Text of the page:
Neurogenic versus nonneurogenic regions in the adult brain

In the olfactory system, precursor cells reside in the sub-ventricular zone (SVZ sometimes also called the sub-ependymal zone) in the walls of the lateral ventricles, migrate via chain migration through a structure surrounding the obliterated olfactory ventricle (the rostral migratory stream (RMS)) into the olfactory bulb, and differentiate into two types of interneurons in the granule cell layer and peri-glomerular regions of the bulb (Lois and Alvarez-Buylla, 1993 Luskin, 1993 Goldman, 1995 Doetsch et al., 1999). In the DG of the hippocampus, the precursor cell population is found in the sub-granular zone of the DG. Here, new granule cell neurons are produced. These two brain regions are referred to as the neurogenic regions . Additionally, there have been controversial isolated reports of adult neurogenesis in the amygdala (Bernier et al., 2002), area CA1 of the hippocampus (Rietze et al., 2000), and the substantia nigra (Zhao et al., 2003), though this last...

Formation of Reactive Metabolites

The metabolism of neurotransmitter amines by cerebral MAO-A and -B produces equivalent amounts of the corresponding aldehydes, and ammonia. Both products are considered to be neurotoxic and could participate in the progressive neuronal death that occurs during senescence. Moreover, implication of MAOs in xenobiotic metabolism was definitely assessed by the demonstration that MPTP, a meperidine analogue promoting a parkinsonian-like syndrome in humans (66), monkeys (67), and mice (68), was a substrate of MAO-B in most mammalian species assayed (69). The precise mechanism by which MPTP administration induces selective dopaminergic neuronal death in the pars compacta of the substantia nigra is still a subject of debate. Exposure to MPTP results in the formation of MPP+, which is actively taken up by dopaminergic neurons and kills them either by blocking complex 1 of the mitochondrial respiratory chain or by promoting the formation of superoxide and hydroxyl radicals (for a recent review,...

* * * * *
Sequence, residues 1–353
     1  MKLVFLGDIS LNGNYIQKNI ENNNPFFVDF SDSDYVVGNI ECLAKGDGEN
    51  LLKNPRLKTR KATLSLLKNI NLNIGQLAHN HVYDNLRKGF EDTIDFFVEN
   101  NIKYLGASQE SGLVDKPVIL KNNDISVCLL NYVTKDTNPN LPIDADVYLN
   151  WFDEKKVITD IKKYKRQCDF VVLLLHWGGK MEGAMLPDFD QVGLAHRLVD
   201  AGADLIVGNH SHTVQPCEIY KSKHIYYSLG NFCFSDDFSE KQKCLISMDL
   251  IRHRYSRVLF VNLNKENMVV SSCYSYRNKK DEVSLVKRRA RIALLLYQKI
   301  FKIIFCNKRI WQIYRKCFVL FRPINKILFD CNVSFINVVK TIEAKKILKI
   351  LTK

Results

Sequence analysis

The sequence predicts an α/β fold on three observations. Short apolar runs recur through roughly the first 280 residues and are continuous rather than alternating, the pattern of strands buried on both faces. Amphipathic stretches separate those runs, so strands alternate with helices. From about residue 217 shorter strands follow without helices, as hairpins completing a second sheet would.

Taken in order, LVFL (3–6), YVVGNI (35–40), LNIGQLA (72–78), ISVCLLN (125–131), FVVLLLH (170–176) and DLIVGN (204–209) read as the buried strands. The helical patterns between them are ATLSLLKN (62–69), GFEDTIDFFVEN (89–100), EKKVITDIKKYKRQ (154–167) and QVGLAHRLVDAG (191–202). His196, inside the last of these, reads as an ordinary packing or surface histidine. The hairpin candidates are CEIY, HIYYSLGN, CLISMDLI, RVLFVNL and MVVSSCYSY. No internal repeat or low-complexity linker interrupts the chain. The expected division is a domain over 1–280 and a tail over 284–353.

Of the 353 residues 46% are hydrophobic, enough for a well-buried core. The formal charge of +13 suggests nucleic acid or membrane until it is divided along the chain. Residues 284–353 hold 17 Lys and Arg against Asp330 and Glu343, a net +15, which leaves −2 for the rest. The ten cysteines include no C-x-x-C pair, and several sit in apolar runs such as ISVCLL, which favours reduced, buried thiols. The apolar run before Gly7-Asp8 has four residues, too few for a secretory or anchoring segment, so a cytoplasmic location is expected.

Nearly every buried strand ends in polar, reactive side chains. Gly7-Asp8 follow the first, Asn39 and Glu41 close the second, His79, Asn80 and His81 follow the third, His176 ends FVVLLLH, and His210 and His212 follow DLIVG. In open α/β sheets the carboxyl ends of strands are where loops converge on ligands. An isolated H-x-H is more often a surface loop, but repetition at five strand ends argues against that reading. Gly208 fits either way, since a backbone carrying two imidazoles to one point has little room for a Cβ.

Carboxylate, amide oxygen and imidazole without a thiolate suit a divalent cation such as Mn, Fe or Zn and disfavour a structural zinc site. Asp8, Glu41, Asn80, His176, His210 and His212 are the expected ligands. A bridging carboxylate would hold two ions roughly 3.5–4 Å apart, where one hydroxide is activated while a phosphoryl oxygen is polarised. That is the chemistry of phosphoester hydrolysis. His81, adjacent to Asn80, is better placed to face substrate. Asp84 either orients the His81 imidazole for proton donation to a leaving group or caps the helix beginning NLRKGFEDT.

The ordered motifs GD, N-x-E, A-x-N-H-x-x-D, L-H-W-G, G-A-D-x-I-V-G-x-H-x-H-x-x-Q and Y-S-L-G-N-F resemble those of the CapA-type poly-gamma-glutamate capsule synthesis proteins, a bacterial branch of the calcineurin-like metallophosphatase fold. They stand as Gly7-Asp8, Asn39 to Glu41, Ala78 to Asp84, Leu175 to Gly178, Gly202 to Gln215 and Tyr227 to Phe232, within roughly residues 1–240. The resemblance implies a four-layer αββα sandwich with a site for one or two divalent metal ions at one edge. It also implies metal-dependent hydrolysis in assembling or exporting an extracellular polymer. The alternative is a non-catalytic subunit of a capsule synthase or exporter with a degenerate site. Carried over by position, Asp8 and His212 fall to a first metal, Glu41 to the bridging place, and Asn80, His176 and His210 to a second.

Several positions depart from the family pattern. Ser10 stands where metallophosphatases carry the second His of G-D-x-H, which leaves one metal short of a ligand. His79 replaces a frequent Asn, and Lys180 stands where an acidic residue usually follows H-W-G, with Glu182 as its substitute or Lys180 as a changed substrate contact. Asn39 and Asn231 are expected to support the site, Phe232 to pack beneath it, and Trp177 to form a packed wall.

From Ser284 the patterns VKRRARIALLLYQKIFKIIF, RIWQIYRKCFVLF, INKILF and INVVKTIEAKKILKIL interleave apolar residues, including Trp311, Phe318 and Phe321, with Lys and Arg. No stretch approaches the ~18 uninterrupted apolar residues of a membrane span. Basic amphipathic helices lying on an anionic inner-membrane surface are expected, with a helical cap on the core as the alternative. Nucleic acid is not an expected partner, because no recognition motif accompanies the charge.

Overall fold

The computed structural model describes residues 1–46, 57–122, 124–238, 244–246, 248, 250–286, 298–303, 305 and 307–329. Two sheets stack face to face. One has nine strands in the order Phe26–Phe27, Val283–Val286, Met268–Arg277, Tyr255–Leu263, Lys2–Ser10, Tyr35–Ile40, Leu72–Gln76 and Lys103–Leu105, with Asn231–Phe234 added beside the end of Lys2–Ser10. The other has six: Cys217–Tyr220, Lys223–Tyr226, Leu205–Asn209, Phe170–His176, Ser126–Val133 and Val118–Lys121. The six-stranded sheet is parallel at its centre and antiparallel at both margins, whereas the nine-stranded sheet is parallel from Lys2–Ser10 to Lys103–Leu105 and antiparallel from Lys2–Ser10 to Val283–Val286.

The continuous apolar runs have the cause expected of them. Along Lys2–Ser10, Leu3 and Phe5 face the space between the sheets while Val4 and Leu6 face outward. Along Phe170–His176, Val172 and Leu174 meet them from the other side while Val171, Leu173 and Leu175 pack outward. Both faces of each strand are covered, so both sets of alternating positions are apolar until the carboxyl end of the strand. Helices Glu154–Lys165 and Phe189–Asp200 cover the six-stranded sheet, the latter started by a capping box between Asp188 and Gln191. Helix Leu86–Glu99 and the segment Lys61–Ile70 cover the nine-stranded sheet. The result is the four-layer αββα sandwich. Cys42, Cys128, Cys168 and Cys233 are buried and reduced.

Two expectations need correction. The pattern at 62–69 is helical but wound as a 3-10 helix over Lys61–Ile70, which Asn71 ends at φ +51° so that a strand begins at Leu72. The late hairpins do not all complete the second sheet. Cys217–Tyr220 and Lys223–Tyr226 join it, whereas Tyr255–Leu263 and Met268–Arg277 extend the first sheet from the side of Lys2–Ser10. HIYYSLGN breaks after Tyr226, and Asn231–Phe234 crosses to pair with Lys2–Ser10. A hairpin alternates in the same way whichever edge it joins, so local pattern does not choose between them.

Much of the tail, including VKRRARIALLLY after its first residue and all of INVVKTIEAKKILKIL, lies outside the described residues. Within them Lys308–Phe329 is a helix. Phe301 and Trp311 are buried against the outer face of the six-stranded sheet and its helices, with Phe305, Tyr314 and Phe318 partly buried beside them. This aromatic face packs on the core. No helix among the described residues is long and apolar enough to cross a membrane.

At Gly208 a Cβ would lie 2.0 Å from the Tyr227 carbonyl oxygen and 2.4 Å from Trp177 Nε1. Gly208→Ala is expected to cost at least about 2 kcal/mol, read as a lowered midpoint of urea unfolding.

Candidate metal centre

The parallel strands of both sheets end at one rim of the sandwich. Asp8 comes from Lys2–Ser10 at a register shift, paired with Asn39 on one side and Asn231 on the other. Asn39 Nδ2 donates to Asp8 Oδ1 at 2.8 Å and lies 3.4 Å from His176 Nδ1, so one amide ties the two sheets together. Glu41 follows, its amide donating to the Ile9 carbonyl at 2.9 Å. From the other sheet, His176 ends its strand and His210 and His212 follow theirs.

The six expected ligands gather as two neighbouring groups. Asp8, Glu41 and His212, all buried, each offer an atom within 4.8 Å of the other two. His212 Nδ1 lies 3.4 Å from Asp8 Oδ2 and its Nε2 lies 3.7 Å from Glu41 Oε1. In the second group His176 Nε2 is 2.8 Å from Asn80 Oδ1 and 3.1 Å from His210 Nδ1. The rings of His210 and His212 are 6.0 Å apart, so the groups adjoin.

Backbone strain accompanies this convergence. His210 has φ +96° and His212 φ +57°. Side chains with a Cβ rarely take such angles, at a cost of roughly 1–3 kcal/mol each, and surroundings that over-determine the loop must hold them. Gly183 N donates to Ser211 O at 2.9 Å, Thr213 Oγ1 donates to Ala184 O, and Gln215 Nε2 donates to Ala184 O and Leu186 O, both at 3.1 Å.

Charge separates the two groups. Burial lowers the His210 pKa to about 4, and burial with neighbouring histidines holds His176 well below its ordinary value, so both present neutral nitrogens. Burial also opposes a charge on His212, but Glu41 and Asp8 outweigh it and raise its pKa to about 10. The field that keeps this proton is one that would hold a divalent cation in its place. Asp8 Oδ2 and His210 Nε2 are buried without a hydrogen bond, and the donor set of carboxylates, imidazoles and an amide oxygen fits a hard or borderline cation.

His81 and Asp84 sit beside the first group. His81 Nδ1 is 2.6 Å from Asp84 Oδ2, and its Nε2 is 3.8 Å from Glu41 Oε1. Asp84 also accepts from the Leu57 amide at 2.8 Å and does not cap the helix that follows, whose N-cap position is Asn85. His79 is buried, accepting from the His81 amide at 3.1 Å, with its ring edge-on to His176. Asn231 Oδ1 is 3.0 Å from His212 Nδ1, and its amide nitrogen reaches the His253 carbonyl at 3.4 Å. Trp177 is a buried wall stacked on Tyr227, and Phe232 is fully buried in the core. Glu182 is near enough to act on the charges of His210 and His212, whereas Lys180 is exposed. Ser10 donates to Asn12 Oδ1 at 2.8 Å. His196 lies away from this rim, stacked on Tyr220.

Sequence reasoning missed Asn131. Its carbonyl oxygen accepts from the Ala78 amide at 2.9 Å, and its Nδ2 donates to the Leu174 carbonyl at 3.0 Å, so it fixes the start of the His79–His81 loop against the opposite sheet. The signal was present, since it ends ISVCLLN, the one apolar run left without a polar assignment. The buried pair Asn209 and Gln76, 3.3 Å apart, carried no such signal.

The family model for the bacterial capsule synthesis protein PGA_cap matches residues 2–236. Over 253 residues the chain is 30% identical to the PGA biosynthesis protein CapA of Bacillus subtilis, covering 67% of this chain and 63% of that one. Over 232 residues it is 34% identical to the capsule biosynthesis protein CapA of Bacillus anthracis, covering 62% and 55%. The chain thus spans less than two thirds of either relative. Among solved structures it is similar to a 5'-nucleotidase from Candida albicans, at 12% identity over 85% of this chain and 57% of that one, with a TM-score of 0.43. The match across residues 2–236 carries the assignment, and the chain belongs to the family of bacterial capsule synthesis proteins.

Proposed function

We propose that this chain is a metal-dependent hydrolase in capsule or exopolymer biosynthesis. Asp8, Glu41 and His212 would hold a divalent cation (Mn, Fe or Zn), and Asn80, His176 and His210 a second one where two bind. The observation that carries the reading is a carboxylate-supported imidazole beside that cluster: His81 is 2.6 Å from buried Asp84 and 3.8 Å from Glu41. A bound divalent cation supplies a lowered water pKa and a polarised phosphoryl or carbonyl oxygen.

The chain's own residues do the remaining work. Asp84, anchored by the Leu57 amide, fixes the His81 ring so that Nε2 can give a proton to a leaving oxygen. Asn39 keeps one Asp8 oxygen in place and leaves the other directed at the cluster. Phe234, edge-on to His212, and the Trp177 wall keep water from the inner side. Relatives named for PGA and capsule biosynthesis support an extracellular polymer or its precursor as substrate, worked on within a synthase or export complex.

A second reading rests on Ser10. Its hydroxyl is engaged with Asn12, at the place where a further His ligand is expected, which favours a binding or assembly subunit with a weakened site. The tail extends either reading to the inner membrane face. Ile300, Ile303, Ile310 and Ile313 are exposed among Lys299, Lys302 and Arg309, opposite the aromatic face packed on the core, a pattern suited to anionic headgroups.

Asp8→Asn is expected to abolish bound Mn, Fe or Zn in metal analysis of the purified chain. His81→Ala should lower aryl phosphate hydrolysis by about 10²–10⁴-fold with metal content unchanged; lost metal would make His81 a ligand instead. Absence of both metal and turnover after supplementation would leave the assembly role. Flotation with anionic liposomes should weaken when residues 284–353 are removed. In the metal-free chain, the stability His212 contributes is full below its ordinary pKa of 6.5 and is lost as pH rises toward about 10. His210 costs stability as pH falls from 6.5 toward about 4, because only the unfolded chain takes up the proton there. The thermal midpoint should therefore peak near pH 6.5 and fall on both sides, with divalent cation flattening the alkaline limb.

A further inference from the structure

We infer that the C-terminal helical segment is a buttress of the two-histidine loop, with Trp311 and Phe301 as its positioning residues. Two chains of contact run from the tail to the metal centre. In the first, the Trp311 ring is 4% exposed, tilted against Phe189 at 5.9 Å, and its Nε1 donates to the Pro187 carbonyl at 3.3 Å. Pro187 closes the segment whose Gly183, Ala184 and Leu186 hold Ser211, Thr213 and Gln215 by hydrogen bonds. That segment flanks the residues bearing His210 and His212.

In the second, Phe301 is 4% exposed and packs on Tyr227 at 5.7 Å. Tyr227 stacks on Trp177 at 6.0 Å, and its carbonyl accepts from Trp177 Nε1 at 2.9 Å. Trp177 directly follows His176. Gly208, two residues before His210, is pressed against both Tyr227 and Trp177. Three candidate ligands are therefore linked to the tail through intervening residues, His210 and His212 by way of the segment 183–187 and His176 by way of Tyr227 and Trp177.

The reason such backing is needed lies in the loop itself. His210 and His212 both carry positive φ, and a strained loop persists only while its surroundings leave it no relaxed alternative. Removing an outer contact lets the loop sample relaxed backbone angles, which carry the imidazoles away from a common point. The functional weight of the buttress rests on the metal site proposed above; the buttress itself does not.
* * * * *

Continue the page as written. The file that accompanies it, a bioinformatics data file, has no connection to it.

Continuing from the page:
Ionexchange materials

Conaghey et al. (1998) studied the in vitro iontophoretic transdermal delivery of nicotine by ion-exchange resins in agar hydrogel. Both strong and weak resins were used and the heterogeneous vehicles were shown to have advantages over comparable simple hydrogel vehicles in their versatility, in their capacities to store the drug, and to control the delivery rate during iontophoresis. Kankkunen et al. (2000, 2002, 2004) studied controlled transdermal delivery of the zwitterionic levodopa by iontophoresis and ion-exchange fiber. Ion-exchange kinetics and transdermal permeation of a cationic (presumably more stable) model drug, metaraminol, were compared to the corresponding data for levodopa. Levodopa was rapidly oxidized in the presence of water, especially at basic pH. At acidic pH, stability was improved significantly. Ion-exchange groups and pH had a clear effect on the release of both the levodopa and metaraminol from the ionexchange fiber. Iontophoretic enhancement of drug...

Oxygen Reduction Products

MAO activity involves the formation of hydrogen peroxide, and this enzyme has been suspected to participate in the global increase of oxidized products in the aged brain (94) and in oxidative damage to the substantia nigra observed in Parkinson's disease (95). Therefore, deprenyl, a specific MAO-B inhibitor, and also a molecule protecting dopamine neurons from peroxyni-trite-promoted apoptosis (96), is frequently coadministered with dopamine agonists for the treatment of Parkinson's disease (73).

Nonenzymatic Oxidation of Drugs